And continuing an animal theme, here is my cute sheep in plaid. The pattern is called 'Woolen Sheep' (!) by The Cricket Collection. I loved creating the effect of tweed with stitches with this one.
But I confess, there should be four sheep, all with different coats. I managed one legless houndstooth variation! You could say the legs fell off this one (groan)! And what brought this one to a screeching halt? I mucked up the border, and never got back to fix it.
There my illustrious cross stitch phase limps to a close. But if ever life slows down, and I still have my eyesight, I have this in the cupboard ready to go:
I have always been intrigued by blackwork, and this design has a modern twist which I love. It is called 'Three Black Back Lace Flowers' by DMC.

There are many other bloggers sharing their cross stitch works today. You can find a full list over at Chookyblue's blog. Thanks so much to Chooky for organising the cross stitch display. It has been fun!

Friday 19 November 2010

Looking for a virtual pinboard?

Have you discovered Pinterest yet? Pinterest is a fun 'virtual pin board'. It is somewhere you can 'pin' any image you come across in your browsing that you are keen to remember. 
It is a bit like Flickr favourites, but so much better. You are not limited to Flickr images. You can pin absolutely any image you find online. And you can categorise your pins however you want.

I simply requested an invite from Pinterest, and within a few days, was granted my very own pin board. You can have a look at my pin board here. It is a really interesting to see a snapshot of things that appeal to you, and to notice recurring themes in design, colour etc. Fun!

Tuesday 16 November 2010

Promises, promises

I promised my poor mother a black and white frilly dilly bag. I won't say when I promised! She is a very patient woman, but in sheer desperation, she made it up herself on a recent visit to my place.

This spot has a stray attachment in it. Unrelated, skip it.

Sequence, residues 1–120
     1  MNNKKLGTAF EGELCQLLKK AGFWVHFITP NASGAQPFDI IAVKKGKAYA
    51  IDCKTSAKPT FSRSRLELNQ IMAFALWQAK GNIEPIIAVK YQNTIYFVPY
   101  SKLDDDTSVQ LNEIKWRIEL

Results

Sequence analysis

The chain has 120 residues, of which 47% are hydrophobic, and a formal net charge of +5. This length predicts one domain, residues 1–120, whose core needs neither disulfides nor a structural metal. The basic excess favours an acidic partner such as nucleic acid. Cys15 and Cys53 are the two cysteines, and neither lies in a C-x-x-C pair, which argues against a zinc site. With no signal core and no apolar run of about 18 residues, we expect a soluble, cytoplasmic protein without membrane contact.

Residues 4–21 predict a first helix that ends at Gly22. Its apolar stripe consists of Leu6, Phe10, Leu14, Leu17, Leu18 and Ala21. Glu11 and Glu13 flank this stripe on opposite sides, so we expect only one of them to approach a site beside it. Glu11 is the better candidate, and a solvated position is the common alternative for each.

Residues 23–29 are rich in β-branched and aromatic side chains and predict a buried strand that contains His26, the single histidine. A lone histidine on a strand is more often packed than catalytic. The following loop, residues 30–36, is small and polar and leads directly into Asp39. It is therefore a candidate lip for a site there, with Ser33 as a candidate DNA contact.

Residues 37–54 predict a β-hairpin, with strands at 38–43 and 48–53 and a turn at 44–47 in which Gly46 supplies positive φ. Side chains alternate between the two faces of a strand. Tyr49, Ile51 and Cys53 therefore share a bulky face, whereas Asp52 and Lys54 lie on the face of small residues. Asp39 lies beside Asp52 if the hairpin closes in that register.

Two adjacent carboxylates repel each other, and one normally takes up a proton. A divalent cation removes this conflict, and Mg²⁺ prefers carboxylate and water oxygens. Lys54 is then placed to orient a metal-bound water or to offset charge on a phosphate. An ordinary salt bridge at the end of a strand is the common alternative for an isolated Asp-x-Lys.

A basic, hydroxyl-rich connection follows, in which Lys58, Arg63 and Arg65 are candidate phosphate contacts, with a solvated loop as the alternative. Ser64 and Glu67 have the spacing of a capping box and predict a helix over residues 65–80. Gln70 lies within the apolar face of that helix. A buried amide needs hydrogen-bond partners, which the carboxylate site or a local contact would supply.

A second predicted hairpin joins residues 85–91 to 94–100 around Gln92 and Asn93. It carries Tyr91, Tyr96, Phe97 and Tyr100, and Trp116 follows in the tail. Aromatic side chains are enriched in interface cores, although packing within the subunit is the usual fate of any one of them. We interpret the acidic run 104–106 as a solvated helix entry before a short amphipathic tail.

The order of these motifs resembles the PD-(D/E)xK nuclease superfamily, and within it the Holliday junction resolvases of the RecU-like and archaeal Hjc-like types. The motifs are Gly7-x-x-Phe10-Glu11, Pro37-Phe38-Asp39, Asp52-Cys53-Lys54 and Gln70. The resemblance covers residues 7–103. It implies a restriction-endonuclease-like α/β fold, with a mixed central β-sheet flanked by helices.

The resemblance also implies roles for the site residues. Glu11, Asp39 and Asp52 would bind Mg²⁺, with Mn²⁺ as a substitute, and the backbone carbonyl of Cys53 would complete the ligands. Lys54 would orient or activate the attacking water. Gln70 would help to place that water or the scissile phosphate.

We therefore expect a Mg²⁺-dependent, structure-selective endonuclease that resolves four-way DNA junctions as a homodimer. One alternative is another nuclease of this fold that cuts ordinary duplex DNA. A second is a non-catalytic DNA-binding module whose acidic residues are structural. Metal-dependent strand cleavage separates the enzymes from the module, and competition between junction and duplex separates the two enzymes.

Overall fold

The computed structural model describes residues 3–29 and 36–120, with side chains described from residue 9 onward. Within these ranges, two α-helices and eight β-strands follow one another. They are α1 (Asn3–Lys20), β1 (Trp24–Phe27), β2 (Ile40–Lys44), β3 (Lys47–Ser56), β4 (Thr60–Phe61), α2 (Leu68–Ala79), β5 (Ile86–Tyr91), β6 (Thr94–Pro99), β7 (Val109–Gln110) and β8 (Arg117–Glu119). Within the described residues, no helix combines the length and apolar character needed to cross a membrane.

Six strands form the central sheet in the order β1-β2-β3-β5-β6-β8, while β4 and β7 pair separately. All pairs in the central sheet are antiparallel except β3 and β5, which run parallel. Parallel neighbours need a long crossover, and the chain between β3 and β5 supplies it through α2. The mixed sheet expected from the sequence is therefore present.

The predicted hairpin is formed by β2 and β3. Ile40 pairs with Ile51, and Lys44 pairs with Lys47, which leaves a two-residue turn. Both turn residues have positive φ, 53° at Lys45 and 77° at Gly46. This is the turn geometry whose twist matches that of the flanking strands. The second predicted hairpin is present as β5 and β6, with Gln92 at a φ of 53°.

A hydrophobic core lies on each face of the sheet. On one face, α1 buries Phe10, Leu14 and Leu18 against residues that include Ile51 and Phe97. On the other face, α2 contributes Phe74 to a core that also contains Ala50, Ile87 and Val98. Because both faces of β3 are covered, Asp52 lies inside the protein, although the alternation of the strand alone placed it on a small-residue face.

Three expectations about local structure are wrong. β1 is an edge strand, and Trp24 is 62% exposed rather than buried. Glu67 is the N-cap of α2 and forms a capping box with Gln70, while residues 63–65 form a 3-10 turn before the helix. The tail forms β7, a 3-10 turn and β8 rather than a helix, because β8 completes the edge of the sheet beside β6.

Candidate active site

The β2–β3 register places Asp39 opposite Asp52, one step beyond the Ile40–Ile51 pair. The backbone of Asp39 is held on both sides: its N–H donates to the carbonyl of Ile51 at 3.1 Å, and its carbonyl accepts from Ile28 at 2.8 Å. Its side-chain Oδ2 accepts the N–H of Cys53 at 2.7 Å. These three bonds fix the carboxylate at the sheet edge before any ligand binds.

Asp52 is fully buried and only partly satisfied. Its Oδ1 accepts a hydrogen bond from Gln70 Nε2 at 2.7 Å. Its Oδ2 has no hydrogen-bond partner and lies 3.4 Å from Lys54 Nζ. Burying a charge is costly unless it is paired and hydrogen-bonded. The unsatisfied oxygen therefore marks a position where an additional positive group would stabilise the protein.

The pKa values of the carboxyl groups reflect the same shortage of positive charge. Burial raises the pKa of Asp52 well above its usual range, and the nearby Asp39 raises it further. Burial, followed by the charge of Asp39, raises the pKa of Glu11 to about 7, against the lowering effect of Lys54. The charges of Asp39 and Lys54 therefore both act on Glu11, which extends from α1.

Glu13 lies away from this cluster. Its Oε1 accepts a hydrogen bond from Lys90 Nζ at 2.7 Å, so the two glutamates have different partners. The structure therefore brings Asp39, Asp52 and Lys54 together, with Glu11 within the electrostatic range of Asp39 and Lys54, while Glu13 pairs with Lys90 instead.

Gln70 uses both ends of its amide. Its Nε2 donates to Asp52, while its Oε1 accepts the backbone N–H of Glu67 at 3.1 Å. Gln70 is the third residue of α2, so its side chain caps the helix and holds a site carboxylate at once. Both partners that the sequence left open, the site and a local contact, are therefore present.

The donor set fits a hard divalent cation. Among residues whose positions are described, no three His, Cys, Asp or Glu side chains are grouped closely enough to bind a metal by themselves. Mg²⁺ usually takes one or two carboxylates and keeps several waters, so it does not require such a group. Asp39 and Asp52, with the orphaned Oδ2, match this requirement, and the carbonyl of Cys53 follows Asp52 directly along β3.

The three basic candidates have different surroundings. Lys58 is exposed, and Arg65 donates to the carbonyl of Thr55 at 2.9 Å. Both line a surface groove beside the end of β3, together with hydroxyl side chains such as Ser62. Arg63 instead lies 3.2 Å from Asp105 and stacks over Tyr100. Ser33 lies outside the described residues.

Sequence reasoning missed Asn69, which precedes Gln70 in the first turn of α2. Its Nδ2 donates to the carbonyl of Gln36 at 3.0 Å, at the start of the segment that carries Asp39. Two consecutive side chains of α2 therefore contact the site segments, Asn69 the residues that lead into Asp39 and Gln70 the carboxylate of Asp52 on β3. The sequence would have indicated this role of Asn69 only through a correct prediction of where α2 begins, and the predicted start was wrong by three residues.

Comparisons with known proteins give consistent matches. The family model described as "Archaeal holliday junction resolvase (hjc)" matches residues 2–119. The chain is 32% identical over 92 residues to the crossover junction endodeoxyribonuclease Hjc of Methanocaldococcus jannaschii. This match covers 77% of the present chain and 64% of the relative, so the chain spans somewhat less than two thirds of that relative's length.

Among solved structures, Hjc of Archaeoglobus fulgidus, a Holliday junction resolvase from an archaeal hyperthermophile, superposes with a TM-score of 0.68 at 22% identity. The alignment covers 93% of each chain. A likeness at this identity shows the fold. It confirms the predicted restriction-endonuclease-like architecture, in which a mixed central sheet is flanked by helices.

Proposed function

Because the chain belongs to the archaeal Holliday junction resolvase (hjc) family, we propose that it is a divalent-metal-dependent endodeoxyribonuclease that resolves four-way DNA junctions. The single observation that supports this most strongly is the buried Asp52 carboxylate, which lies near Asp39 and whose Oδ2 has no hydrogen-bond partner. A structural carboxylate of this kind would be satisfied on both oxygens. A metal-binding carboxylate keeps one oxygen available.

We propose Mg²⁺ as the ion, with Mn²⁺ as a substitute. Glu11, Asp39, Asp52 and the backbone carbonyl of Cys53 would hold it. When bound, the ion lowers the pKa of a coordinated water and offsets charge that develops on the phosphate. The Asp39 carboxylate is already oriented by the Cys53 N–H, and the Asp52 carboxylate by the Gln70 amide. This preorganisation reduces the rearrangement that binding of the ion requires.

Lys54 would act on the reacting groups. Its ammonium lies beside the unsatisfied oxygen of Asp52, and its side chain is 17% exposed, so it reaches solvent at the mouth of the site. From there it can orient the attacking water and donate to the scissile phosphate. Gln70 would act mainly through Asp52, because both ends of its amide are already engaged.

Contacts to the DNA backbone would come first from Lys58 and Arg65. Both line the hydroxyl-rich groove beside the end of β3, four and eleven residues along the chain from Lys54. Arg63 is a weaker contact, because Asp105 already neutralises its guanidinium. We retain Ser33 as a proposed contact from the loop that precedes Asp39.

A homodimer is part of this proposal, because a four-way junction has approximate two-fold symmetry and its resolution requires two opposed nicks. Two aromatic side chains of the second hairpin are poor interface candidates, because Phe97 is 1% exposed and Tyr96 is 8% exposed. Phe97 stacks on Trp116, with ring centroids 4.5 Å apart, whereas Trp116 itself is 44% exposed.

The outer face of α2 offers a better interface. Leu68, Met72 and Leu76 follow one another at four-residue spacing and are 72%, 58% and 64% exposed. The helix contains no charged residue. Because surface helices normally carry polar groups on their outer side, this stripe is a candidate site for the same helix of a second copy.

How cute does it look in black and white? And on the shoulder of my 'Miss-Fifteen-With-The-Blonde-Locks-To-Die-For'?!
From top to bottom, the fabric details are:
Unknown by Timeless Treasures
'White Swirl' from  Not So Basic Black & White by Avlyn Inc.
'Everything but the Kitchen Sink' 2006 by RJR Fabrics
And, as if I need to say it, the pattern is 'Frilly Dilly Bag' by Janelle Wind. I've lost count how many times I've made this pattern up, and I still love it.

Good job Mum!

Saturday 13 November 2010

Blogger's cross stitch display

Inspired by the unbelievable display of cross stitch samplers by Jean of Linen and Raspberry, Chookyblue has coordinated a blogger's cross stitch display, starting today. She has brought together at least 20 bloggers to display their stitcheries. Check out Chooky's blog for a full list of participants.

My cross stitch days were limited to a very narrow window of my life, stitched between finishing university and having children. The idea of having extended periods of uninterrupted time to concentrate on cross stitch is but a memory now! Oh, but I did enjoy it.

Today I will show you what remain my two favourite cross stitch projects.
This is my very first cross stitch, a wildflower sampler, stitched on Aida. I am afraid the details of the pattern are long gone. If anyone recognises it, I'd love to hear from you!
I do remember that it was supposed to be stitched in one strand of Danish Flower Thread. This thread was certainly not readily available in Australia at the time, so I substituted 2 strands of DMC equivalent threads.
My second project was a collection of four stitchery samplers, predominantly cross stitch, but with some drawn thread work thrown in.
I remember really enjoying doing these. I loved conquering the different types of stitches.
Of course, they are 'bloom' inspired, depicting bluebells, violets, amaranth and buttercups. My love for flowers is as old as I am!
Hmmm, it is stretching my memory for the details of these too. I remember buying the graphs at a craft show at Rosehill Racecourse in Sydney. It was probably 20 years ago!
'Shepherd's Bush' is ringing a bell?
It is such a relief that 20 years after these were stitched, I still love them. They took an inordinately long time to complete! They have pride of place in our living room.

I'll be back next Saturday to show you the other half of what constitutes my short and sweet cross stitch phase!